Making, baking holiday treats at different times
Make cookie dough in advance, shape and freeze for an easy-to-make treat around the holidays.
Toasted Almond and Vanilla Bean Sables
2 vanilla beans, split and scraped, pods discarded or reserved for another use
1/2 cup granulated sugar
2 sticks (8 ounces) unsalted butter, room temperature
1/3 cup powdered sugar
3/4 teaspoon kosher salt
1/2 teaspoon almond extract
2 large egg yolks
13/4 cups all-purpose flour
1/2 cup sliced almonds, toasted and coarsely crushed plus more if desired.
In a small bowl, rub the vanilla bean seeds and sugar together until the seeds are distributed and aren’t sticking together in clumps.
In a stand mixer fitted with a paddle attachment, cream the butter, vanilla sugar, powdered sugar and salt until smooth, about 1-2 minutes.
Add the almond extract and the egg yolks and beat until combined.
Add the flour and sliced almonds and continue to mix on low speed until the flour is just incorporated.
Turn the mixture out onto a lightly floured work surface and knead a few times until it comes together as dough, taking care not to overwork it. Cut in half; roll each half into a log about 9 inches long.
If freezing, roll the logs in plenty of plastic wrap and place gently on a flat surface in the freezer. These will last up to a month.
If you want to bake these soon after making the dough, refrigerate the logs for at least two to three hours, or up to two days.
To bake: Preheat the oven to 350 degrees. If the log is frozen, let soften slightly. Slice the dough into rounds about 1/4 inch thick. Place on parchment-lined baking sheets about 2 inches apart.
Bake about 13 to 15 minutes (it will be on the longer side if baking from frozen), until lightly golden around the edges.
Updated: November 29, 2012 8:52AM
There is something to be said about having the ability to serve warm, home-baked treats to guests without so much as dirtying the mixer.
The answer? The freezer.
With the upcoming holiday onslaught, it’s not a bad idea to get ahead of the game by freezing doughs, cake batter and even fully formed pies before putting them in the oven. There’s no shorting the quality, freshly baked treats are ready as needed, and with the aroma of baking in the air, your guests will be none the wiser.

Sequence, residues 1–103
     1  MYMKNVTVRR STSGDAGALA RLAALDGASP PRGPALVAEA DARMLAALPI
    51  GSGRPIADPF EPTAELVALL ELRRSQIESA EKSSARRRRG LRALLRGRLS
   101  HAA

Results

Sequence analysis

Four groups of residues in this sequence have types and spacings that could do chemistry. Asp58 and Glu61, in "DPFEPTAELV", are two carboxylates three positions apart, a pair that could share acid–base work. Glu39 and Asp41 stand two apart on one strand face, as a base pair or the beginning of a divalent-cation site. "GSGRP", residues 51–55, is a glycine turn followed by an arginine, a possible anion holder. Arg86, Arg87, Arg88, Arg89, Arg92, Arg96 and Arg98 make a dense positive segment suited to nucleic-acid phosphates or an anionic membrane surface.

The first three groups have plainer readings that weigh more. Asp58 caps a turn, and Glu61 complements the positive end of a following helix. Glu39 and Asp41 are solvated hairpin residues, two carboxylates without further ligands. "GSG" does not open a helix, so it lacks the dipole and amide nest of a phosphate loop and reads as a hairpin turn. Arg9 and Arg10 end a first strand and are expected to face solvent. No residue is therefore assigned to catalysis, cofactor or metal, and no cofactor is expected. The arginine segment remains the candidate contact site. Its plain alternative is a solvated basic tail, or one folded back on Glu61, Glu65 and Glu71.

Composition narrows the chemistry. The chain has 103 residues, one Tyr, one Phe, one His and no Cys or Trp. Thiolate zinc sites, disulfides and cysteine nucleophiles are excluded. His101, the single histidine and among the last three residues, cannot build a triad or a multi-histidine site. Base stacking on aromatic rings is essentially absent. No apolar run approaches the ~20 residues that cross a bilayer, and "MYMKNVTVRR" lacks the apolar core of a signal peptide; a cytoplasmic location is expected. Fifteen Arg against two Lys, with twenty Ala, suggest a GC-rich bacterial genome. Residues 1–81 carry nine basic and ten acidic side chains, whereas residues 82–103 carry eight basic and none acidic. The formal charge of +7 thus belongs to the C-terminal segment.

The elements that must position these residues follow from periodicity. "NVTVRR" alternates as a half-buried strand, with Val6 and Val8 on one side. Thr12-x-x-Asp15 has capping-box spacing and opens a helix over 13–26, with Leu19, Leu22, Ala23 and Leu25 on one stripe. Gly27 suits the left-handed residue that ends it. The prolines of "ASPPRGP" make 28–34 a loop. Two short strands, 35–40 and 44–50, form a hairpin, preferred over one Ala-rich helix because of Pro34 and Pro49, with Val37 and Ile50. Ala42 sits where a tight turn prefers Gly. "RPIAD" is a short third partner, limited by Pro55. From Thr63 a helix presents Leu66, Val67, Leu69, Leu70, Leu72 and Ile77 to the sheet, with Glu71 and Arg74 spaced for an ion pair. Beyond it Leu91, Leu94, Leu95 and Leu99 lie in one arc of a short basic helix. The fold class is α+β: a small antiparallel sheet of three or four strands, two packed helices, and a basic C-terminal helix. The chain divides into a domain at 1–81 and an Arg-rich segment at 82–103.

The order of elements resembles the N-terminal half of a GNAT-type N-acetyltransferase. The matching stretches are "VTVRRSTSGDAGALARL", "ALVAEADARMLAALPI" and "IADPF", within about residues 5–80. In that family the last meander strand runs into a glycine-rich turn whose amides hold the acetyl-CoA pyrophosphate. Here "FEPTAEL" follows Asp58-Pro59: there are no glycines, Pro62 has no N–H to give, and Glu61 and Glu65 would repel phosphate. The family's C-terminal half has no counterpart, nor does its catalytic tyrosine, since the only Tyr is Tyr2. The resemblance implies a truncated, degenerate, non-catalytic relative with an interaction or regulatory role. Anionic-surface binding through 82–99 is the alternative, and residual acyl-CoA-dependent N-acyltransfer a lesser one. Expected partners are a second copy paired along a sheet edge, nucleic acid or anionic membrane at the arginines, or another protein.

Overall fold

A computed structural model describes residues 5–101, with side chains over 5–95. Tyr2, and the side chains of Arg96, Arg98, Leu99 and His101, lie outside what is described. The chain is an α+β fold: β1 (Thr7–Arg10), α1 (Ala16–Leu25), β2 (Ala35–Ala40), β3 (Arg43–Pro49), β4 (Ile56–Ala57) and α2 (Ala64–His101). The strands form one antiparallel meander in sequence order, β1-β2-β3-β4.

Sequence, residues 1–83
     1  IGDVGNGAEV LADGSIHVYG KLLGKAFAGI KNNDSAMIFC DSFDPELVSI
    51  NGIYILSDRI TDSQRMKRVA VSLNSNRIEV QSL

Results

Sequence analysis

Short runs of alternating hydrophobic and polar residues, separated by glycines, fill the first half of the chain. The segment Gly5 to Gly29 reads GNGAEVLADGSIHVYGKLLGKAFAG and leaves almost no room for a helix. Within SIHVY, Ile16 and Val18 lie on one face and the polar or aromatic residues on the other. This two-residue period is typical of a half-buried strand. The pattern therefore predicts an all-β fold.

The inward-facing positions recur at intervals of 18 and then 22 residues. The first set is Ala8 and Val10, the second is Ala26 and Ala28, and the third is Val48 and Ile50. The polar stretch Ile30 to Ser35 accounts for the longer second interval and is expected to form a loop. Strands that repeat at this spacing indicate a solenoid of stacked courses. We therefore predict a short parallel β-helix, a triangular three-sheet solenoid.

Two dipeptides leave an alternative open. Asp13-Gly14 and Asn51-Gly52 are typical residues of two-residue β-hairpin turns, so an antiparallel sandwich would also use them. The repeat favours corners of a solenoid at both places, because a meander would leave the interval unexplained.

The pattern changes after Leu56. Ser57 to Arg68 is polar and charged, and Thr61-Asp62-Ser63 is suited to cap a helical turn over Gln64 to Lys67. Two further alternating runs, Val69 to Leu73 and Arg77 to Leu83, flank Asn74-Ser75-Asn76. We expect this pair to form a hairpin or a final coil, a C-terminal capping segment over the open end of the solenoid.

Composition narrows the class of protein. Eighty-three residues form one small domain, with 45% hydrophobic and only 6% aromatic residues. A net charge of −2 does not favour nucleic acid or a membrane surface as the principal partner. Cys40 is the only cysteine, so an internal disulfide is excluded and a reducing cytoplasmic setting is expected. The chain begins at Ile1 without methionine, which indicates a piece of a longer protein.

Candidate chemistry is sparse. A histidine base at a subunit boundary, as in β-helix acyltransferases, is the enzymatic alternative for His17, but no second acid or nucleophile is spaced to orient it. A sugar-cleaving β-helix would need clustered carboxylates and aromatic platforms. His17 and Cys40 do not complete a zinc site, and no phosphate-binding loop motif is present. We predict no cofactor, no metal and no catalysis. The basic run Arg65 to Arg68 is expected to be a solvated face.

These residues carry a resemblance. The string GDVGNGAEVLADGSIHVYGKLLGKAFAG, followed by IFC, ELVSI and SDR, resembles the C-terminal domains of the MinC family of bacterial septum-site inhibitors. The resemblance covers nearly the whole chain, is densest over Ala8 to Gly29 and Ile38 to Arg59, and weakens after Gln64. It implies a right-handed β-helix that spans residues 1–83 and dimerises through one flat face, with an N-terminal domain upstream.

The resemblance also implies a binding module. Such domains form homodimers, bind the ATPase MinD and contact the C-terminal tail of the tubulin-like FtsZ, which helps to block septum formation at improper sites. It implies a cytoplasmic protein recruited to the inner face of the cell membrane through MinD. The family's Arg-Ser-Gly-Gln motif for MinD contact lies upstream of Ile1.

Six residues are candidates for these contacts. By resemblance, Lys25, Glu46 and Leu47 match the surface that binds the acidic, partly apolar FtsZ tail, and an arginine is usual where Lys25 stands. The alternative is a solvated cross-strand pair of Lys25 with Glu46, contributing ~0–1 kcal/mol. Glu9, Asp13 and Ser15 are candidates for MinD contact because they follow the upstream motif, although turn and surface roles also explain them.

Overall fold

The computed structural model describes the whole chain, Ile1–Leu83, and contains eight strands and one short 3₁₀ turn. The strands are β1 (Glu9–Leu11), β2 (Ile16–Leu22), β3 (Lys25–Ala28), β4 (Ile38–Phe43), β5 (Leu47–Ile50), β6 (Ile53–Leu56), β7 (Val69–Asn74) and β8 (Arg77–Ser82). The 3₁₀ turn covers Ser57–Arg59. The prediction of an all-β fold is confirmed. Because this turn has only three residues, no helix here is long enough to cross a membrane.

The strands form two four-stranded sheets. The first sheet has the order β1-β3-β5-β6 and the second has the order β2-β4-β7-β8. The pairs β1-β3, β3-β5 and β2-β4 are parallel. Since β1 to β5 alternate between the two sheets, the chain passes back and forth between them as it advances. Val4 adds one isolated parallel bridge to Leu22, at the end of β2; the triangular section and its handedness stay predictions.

The whole freezer-to-table thing has other benefits, too.
Take a fruit pie, for example. The biggest challenge when baking this fresh is keeping the bottom crust from getting soggy, which happens when the juicy filling soaks the base before it cooks. With the pie already frozen, however, the bottom crust starts to bake before the filling has a chance to penetrate it, resulting in flaky, bronzed dough.
Though some fillings won’t work quite as well — custard pies and those with meringue toppings don’t hold up well in the freezer — most nuts, berries, juicy stone fruits, apples and pears will do just fine.
Freezing a pie once it’s already baked doesn’t have quite the same effect. The crust will lose the flaky appeal that’s the hallmark of this dessert.
Baked cakes do slightly better, but the crumbs will begin to dry out soon after landing in the freezer. Better to stop at the batter stage, once it’s in the baking pan and ready to go.
Whether it’s for a last-minute breakfast, holiday brunch or dessert, a dense sour cream coffee cake will do particularly well straight out of the freezer — crumb topping and all.
Both of these desserts require extra time in the oven to bake from frozen, and in the case of the pie, a different baking method to get the bottom crust cooking.
Then of course there is frozen cookie dough. If life is feeling too hectic, I at least try to have a bag in the freezer filled with pre-shaped chocolate chip cookies.
Once the dough is made, use a small ice cream scoop to dig out balls of the dough. Line them up side by side on a cookie sheet, and stick the whole thing in the freezer for 30 minutes tops. Then peel them off and freeze the cookies in a container or self-sealing plastic freezer bag. Pull out just as many as you need, and they’ll be ready — and warm, and gooey — in less than 15 minutes.
Slice-and-bake cookies are also perfect for freezing. Dough can be frozen in logs, which will last up to a month in the freezer, and sliced just before going into the oven.